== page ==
At age 26 (possibly only two years after his conversion) Calvin produced an introduction to Christian doctrine entitled The Institutes of the Christian Religion. This work (which is available as a free download from Esword) set out a systematic approach to Reformed theology principally for the direction of students as they sought to engage with scripture. F. F. BRUCE notes that, ‘the whole of the Institutio is biblically based; scripture is quoted copiously from start to finish in support of its successive propositions and arguments’. In similar vein to Luther, Calvin maintained the authority of scripture over the Roman Catholic church and rejected any idea that the church took precedence over the scriptures. When referring to Ephesians chapter 2 verse 20, he said, ‘If the doctrine of the prophets and apostles be the foundation of the church, it must have been certain, antecedent to the existence of the church. The scriptures existed before the church, so it is absurd to say that the church is the power that determines the scriptures’ authority’.4 This reflects the logical approach of Calvin who bore all the hallmarks of a scholar, masterful in exegesis yet at the same time recognizing his limitations. In his introduction to his commentary on Romans (1540), Calvin acknowledged that in the interpretation of scripture, ‘God has never so blessed His servants that they each possessed full and perfect knowledge of every part of their subject, this was so that we should be kept humble’. Calvin’s other reason for writing the Institutes was to enable him later to concentrate his efforts on publishing commentaries on the scripture without the further need of going back over the same ground again. His commentaries are always condensed and had to be supplemented by referring back to the Institutes. ALEXANDER GANOCZY labelled this movement from Calvin’s exposition of the biblical text to his Institutes and back again to the biblical text as Calvin’s interpretive circle. Calvin’s output in terms of biblical commentaries was prolific. He expounded every book in the Bible apart from 2 John, 3 John and Revelation. These are still used routinely by serious Bible students – some achievement after 500 years! What made Calvin an exegete par excellence was his ability to focus his mind on the biblical writer and determine the plain and simple meaning of the text for his readers.5 But as DAVID STEINMETZ observes, Calvin’s exegesis was not an end in itself, but was directed toward the edification of his reader. In short, Calvin had the ability and the equipment6 to make the text live for his reader because for him the Bible was God’s word to man. Calvin was not comfortable with the allegorical interpretation of scripture as in his view it concealed the true meaning of the text. Yet he seemed quite comfortable with the use of typology although even here he would revert back to the literal meaning.7 It is important, however, to make the point that what Calvin brought to the surface was not ultimately something new, but simply a re-emphasis on the sufficiency and authority of scripture.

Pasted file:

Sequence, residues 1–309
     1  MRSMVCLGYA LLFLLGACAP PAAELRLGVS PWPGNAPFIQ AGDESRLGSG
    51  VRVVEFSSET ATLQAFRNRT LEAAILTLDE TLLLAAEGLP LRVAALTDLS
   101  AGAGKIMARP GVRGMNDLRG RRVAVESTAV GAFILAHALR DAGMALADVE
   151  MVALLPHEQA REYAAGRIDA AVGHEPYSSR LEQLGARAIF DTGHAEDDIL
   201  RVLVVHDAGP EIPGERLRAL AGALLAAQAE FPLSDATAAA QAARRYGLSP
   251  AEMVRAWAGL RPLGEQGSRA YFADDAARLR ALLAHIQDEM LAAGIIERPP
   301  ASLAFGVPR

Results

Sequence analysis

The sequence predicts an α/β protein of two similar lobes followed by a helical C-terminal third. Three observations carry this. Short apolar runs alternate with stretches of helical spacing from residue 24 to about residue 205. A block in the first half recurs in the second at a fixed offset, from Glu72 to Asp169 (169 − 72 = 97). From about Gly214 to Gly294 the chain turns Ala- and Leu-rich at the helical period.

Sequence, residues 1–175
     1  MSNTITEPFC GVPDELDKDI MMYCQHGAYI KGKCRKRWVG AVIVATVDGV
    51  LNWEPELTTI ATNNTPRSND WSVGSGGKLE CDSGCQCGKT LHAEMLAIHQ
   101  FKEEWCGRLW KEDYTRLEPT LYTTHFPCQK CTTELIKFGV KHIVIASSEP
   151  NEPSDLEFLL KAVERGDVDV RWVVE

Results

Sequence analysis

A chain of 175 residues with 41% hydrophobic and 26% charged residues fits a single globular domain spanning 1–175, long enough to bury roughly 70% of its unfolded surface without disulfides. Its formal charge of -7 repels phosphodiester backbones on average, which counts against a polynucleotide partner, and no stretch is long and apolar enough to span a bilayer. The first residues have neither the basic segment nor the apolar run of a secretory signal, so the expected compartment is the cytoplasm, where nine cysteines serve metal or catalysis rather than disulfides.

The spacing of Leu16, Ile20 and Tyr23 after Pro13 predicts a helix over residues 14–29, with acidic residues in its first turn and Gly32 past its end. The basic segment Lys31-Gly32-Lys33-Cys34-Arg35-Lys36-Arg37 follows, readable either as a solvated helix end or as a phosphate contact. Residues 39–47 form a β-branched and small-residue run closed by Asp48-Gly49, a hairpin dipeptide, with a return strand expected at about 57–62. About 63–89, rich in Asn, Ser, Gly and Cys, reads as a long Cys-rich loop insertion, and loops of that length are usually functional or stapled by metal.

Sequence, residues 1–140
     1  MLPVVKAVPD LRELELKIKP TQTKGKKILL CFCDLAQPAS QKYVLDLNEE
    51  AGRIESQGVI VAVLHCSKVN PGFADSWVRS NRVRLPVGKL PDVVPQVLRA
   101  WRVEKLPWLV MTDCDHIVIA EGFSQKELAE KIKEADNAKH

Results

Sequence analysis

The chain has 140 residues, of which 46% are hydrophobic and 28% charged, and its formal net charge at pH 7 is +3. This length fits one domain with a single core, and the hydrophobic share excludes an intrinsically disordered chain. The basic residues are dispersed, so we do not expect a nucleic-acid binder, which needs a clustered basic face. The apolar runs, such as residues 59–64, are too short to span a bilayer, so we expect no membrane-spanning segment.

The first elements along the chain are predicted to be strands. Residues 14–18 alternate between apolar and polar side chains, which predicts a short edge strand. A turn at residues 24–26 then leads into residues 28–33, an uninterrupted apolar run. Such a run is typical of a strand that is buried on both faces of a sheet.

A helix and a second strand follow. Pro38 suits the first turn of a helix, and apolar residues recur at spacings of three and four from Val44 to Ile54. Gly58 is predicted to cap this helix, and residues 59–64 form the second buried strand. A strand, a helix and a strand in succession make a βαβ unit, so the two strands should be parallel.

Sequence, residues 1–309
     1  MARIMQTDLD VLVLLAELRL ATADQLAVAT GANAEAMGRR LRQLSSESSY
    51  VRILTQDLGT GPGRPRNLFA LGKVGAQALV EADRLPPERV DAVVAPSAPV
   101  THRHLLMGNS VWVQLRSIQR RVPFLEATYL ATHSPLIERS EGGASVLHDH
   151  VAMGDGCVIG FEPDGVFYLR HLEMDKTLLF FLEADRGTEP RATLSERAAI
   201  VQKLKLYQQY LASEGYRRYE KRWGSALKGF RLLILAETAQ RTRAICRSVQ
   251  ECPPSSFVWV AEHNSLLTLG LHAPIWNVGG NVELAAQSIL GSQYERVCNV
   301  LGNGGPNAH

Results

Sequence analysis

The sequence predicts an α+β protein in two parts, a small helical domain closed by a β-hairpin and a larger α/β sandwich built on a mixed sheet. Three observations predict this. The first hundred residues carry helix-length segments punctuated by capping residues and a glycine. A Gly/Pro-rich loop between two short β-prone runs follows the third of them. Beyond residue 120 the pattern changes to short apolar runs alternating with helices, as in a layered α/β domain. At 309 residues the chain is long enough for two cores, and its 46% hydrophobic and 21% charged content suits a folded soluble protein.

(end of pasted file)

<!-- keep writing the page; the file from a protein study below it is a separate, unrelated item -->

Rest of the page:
Calvin hated the glare of publicity, but his life was punctuated with controversy, particularly around the death of the notorious heretic Michael Servetus who was burnt at the stake in Geneva in 1553. Whilst Calvin agreed with the verdict and sentence, he did recommend a more humane form of execution, but this was ignored by the court. Being put to death for heresy might seem to us today to be somewhat inhumane, but this was an age of extreme brutality. DIARMAID MACCULLOCH suggests that it was from this time that Calvin began widely to be perceived as not only one reformer among many, but the major voice in Reformation Protestantism. Perhaps though, more than any other issue, Calvin is known for his emphasis upon the doctrines of grace, especially election and predestination. Contrary to popular belief, Calvin was simply following in the line of many of his predecessors including Augustine of Hippo. Nor did he make this a central doctrine in his theology, and his teaching in this context is very similar to that of other Reformers including Luther, Zwingli and Bucer. TIMOTHY GEORGE states that Calvin did not permit the doctrine of predestination to be used as an excuse for not preaching the gospel. Whether we agree with Calvin is another matter especially on the issue of double predestination, but as the late E. W. ROGERS has well stated, ‘Salvation is entirely of grace and no one can either complain if passed over or boast himself if saved’.